PS4 Pro: Devs from Guerrilla, Warner Bros. and Tripwire Wax Poetic on 4K, HDR and More
During the livescast following the PlayStation Meeting held in New York, that has seen the announcement of the new PS4 Pro, Guerrilla Games Technical Director Michiel Van Deer Leeuw, Tripwire Interactive President John Gibson and Warner Bros. Interactive Entertainment Vice President of Production Peter Wyse talked more about their studios’ views on the new console.
- Van Deer Leeuw mentioned that Guerrilla Games is almost trying to get close to a BBC documentary in terms nature with Horizon: Zero Dawn, and the PS4 Pro gets them one step closer. They are doing already well with the original PS4, but the extra fidelity and color range of the Pro means “a couple of extra steps,” especially in nature scenes where sunlight is really important.
- Wyse talked about Middle-earth: Shadow of Mordor, mentioning that Monolith will let players choose between quality and resolution. The quality setting pushes draw distances “farther than ever,” among other things. He also explained that Rocksteady will be able to have crisper scenes on Batman: Arkham VR.
- Gibson mentioned that Killing Floor 2 will support 4K resolution, and it will use HDR to enhance the look of a lot of “dark and creepy spaces.” In a dark game like KF2, dark areas look really like real ones would.
- According to Van Deer Leeuw, 4K and HDR are a bit of a hard sell because you really need to see them in action to understand what they bring to the table. HDR looks so natural that you might not notice it, but when you see it, “you can’t unsee it.”
- In Killing Floor 2 there are classes based on shooting enemies really far away. Gibson brought it as an example where 4K lets you see much more detail at long distances.
- In Shadow of Mordor those who don’t have a 4K TV will still be able to take advantage of the higher resolution textures, smoother edges, and everything is going to look better.
- Van Deer Leeuw talked more about supersampling on standard 1080p TVs, mentioning that it’s possible to render at 4K internally and then supersample down to 1080p. It looks “much nicer,” as supersampling is the best kind of anti-aliasing. The image retains all the texture details, shader details and more. On top of that the frame rate might be smoother, eliminating frame drops, the resolution of shadow maps can be increased, and anistropic filtering can be improved. Guerrilla intends to “twist all of those knobs” until they find a solution that is “really really good” for people that have a normal HDTV.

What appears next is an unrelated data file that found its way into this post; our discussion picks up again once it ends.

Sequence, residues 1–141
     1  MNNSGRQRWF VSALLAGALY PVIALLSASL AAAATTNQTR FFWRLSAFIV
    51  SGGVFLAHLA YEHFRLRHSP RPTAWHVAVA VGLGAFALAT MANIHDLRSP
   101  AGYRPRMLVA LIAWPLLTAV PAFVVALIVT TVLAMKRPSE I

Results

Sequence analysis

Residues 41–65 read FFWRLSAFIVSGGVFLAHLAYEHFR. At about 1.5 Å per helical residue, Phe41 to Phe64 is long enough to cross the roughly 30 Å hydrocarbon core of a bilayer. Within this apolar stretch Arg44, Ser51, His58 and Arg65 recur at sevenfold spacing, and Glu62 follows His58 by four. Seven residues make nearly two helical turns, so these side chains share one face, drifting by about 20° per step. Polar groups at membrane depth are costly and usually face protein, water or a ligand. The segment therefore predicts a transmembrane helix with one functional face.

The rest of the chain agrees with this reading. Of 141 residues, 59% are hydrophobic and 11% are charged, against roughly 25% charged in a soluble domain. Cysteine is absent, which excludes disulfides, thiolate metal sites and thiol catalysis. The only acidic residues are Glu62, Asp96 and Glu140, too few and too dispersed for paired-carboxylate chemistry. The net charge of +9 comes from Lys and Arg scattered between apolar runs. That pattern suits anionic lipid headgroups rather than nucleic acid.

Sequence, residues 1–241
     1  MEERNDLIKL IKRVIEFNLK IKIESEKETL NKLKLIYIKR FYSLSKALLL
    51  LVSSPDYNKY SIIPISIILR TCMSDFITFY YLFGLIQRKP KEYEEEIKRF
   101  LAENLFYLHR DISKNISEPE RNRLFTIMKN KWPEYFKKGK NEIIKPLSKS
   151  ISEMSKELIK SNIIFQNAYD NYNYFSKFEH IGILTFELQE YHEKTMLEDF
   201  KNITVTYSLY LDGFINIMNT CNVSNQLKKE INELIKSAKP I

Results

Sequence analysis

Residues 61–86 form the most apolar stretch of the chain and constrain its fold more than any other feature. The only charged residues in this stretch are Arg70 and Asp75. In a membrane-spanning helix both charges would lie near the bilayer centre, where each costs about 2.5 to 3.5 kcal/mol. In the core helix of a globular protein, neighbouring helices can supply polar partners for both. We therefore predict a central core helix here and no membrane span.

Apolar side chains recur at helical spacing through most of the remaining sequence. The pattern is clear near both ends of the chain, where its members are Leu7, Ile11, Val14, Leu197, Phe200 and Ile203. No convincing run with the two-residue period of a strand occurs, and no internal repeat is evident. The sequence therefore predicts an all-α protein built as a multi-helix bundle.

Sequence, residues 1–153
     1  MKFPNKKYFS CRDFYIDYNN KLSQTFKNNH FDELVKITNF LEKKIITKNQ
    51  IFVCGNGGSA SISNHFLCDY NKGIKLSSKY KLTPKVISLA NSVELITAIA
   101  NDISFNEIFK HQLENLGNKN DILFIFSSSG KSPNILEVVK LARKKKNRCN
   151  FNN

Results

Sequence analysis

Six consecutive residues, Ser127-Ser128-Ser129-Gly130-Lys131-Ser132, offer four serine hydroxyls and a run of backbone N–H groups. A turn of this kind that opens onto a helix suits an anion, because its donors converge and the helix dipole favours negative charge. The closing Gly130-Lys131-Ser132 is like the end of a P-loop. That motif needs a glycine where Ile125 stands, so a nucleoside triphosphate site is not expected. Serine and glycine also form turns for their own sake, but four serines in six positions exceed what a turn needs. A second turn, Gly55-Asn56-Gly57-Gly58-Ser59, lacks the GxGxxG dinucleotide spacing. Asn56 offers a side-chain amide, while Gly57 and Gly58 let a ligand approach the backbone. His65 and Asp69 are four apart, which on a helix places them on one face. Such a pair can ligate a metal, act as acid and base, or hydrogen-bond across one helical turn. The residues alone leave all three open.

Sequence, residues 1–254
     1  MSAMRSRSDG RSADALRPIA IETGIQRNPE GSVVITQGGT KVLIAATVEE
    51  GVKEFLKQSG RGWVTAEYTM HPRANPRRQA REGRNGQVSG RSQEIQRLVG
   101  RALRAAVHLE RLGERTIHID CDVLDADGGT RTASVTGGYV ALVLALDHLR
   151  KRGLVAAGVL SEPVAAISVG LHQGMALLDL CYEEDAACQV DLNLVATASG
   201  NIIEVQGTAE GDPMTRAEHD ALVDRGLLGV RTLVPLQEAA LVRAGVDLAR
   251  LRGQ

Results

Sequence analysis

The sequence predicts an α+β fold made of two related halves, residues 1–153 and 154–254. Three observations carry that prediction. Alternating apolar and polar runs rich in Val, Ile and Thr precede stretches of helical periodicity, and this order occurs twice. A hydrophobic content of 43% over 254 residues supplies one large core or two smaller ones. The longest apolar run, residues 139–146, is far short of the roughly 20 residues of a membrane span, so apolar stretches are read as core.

- He also added that HDR is the “cutting edge” for color. People are not used to grading in HDR, and developers will need to get to grips with it. Guerrilla is getting better week by week at it. He doesn’t know what the end result of the process will be, but so far everything looks nicer, with beautiful vistas, with sun and light blending together better. Studios might also learn to use 4K better with time.
- Wyse explained that studios like NetherRealm can explore how much they can push the environments in games like Injustice 2, and cranks cinematics up to the same frame rate as gameplay. The studio is starting to play with it, and they’re just getting started.
- Gibson explained that Killing Floor 2‘s engine already does everything in HDR behind the scenes, and now the developers will be able to bring it to the screen. Van Deer Leeuw added that most engines are like that, but they have to cap the colors at the end of the pipeline to deal with standard TVs.
- According to Van Deer Leeuw, since most engines already support this kind of tech, adoption is going to be quick, and he would be surprised if the vast majority of games won’t be in HDR “very soon.”
- According to Gibson, the additional workload to support PS4 Pro “really wasn’t that bad.” Once Tripwire got the devkits they immediately started to experiment and test the boundaries of what they could do.
- Van Deer Leeuw thinks that in four or five months there will be so much common knowledge in the industry that adopting the new tech will be even easier.